#### Overview of this book

Businesses today operate online and generate data almost continuously. While not all data in its raw form may seem useful, if processed and analyzed correctly, it can provide you with valuable hidden insights. The Data Analysis Workshop will help you learn how to discover these hidden patterns in your data, to analyze them, and leverage the results to help transform your business. The book begins by taking you through the use case of a bike rental shop. You'll be shown how to correlate data, plot histograms, and analyze temporal features. As you progress, you’ll learn how to plot data for a hydraulic system using the Seaborn and Matplotlib libraries, and explore a variety of use cases that show you how to join and merge databases, prepare data for analysis, and handle imbalanced data. By the end of the book, you'll have learned different data analysis techniques, including hypothesis testing, correlation, and null-value imputation, and will have become a confident data analyst.
Preface
1. Bike Sharing Analysis
Free Chapter
2. Absenteeism at Work
3. Analyzing Bank Marketing Campaign Data
4. Tackling Company Bankruptcy
5. Analyzing the Online Shopper's Purchasing Intention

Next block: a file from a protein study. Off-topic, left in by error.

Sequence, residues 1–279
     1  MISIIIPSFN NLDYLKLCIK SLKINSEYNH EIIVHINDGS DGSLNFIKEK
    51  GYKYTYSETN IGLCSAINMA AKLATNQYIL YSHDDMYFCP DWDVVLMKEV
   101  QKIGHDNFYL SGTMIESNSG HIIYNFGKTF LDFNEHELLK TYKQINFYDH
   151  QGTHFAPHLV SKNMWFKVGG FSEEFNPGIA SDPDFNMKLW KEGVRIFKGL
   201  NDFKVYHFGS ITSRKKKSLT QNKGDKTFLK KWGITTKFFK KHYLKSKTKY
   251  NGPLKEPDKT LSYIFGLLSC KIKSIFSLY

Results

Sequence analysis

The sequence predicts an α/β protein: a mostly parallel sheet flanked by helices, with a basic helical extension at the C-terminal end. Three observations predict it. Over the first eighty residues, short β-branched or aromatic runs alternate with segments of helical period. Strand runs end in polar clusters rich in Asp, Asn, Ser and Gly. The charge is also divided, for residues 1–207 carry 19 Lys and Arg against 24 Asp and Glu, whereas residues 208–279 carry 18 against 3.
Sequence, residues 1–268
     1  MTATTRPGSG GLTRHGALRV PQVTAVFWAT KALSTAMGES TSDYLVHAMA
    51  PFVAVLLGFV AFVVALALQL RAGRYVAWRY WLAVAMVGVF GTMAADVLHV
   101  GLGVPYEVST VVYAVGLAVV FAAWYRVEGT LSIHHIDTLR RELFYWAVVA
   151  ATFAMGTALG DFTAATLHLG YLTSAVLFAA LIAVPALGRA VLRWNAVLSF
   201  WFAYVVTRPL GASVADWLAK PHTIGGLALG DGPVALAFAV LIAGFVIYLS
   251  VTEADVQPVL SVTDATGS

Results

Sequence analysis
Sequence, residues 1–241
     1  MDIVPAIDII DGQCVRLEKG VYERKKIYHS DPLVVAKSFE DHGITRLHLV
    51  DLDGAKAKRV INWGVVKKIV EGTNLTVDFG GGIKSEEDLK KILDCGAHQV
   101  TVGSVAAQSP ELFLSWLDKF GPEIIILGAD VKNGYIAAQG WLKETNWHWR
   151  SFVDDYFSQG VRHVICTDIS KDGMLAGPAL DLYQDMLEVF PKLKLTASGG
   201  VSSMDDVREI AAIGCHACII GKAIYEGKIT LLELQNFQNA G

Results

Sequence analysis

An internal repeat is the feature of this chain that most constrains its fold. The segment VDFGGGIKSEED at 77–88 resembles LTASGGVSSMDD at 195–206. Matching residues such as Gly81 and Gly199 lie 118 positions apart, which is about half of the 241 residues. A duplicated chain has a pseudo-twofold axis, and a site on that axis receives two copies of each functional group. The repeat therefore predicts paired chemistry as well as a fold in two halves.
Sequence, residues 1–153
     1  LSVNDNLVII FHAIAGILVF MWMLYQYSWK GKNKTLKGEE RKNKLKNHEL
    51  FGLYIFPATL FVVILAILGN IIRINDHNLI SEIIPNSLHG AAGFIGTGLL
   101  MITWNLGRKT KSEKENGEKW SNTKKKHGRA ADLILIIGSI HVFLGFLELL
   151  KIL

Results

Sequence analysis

6. Analysis of Credit Card Defaulters
7. Analyzing the Heart Disease Dataset
8. Analyzing Online Retail II Dataset
9. Analysis of the Energy Consumed by Appliances
10. Analyzing Air Quality

# Correlation

In this section, we will cover correlation – what does correlation mean, and how do we check the correlation between the `DEFAULT` column and other columns in our dataset?

Correlation measures the degree of dependency between any two variables. Say, for example, we have two variables, A and B. If the value of B increases when the value of A is increased, we say the variables are positively correlated. On the other hand, if the value of B decreases when we increase the value of A, we say the variables are negatively correlated. There could also be a situation where an increase in the value of A doesn't affect the value of B, for which we say the variables are uncorrelated.

The value of a correlation coefficient can vary between -1 to 1, with 1 being a strong positive correlation and -1 a strong negative correlation.

By studying the correlation between the `DEFAULT` column and other columns with the help of a heatmap, we can figure out which column/variable...